You can also roll out updates more easily if you are in charge of your business's IT infrastructure. That's not to say that it can't be useful for staff to use their own laptops or smartphones, particularly if they are doing work while on the move.

But it's not really a long-term option that a viable business can depend on, particularly as computers in an office environment need to be linked to other pieces of hardware. For instance, you will need a dedicated printer.

While many documents can be stored digitally, you will often need paper copies of correspondence, contracts, invoices and much more besides.

Conversely, businesses that want to have digital back-ups of documents that only exist in paper form will need a viable scanner. This could be particularly useful if you don't have the storage space to keep all paper items, such as receipts that need expensing and forms that have been filled in by hand.

Screens and projectors

There will be many occasions where a visual aid can be helpful in a meeting or presentation, both internally and when you are dealing with external clients. You will therefore need to bring in a system that is compatible with your computer systems to help you deliver slick and professional displays, capable of impressing outsiders and communicating information effectively to your staff.

Paper Shredders

Many of us will routinely use paper shredders at home when we're getting rid of old bank statements, utility bills and suchlike. You need to apply a similar principle in the office if you want to reduce the chances of sensitive data falling into the wrong hands.

Any documents that are being disposed of should be shredded first. After all, papers that are in tact could easily be retrieved from a ban, and if those documents do contain sensitive information, the consequences could be incalculable.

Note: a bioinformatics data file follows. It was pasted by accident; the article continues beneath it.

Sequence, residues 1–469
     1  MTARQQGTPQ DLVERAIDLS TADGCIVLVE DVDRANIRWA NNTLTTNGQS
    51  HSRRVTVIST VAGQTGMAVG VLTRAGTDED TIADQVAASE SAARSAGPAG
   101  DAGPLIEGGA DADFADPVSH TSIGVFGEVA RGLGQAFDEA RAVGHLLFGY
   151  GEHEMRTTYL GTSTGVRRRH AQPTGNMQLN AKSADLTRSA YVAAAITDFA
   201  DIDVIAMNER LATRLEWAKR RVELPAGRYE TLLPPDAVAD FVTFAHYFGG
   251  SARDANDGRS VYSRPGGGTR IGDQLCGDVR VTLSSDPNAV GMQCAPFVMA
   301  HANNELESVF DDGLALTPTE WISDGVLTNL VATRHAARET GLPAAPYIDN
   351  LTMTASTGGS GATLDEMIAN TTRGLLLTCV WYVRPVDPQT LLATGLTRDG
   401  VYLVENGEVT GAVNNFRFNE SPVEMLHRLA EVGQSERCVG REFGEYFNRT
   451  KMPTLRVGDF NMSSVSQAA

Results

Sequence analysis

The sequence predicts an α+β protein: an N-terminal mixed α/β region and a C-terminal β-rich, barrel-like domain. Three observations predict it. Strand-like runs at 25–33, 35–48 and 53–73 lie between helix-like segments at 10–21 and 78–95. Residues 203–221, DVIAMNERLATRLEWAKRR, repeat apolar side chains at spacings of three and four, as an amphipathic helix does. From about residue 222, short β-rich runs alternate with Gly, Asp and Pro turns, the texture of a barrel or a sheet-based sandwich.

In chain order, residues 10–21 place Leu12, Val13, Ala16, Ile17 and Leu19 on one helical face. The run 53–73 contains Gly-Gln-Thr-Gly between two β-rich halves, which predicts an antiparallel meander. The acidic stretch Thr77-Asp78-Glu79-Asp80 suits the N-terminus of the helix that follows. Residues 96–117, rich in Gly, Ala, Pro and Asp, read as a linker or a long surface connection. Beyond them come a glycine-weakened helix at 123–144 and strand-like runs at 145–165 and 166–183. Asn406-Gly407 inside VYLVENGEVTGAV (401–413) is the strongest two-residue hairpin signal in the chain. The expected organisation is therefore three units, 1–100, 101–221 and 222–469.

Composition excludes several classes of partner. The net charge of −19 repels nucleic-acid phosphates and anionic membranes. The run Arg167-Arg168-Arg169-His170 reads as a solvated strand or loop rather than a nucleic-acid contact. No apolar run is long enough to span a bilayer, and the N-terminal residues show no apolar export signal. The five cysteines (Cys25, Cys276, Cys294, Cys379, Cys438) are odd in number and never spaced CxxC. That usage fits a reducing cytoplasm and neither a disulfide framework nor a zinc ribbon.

Not only would you be in breach of data protection laws, you might have put your customers at risk. Your reputation would therefore take a huge hit and customers would be reluctant to transact with you in the future.

So don't forget this vital piece of kit, to make sure that not one trace of a sheet of paper can be legible.

A kitchen

Many workplaces provide basic kitchen facilities for their staff, where they can have short breaks throughout the day and prepare and store their lunch and snacks.

This doesn't have to be anything extravagant, but ideally you'll want a working sink and fridge for perishable foods, as well a microwave (at least) if people want to warm up last night's leftovers.

A cold water dispenser and a kettle are also essential, as staff will want to stay hydrated and refreshed at work without paying for the privilege.

Other useful purchases if they are storing their food on site and eating it in the office include cutlery and crockery.

Again, these aren't costly purchases but will go a long way towards making your office a happier and more productive working environment.

Think about what you would want and require if you were in a kitchen space at work and the list of what to procure almost writes itself afterwards.